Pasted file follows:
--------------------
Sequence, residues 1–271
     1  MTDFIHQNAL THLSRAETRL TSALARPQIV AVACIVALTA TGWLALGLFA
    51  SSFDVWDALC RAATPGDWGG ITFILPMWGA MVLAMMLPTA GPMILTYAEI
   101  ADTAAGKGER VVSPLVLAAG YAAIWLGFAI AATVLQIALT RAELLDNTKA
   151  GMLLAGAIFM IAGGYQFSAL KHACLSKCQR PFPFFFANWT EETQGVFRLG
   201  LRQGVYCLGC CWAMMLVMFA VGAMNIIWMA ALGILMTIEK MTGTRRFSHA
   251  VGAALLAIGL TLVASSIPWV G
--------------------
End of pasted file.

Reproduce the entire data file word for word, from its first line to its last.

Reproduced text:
Sequence, residues 1–271
     1  MTDFIHQNAL THLSRAETRL TSALARPQIV AVACIVALTA TGWLALGLFA
    51  SSFDVWDALC RAATPGDWGG ITFILPMWGA MVLAMMLPTA GPMILTYAEI
   101  ADTAAGKGER VVSPLVLAAG YAAIWLGFAI AATVLQIALT RAELLDNTKA
   151  GMLLAGAIFM IAGGYQFSAL KHACLSKCQR PFPFFFANWT EETQGVFRLG
   201  LRQGVYCLGC CWAMMLVMFA VGAMNIIWMA ALGILMTIEK MTGTRRFSHA
   251  VGAALLAIGL TLVASSIPWV G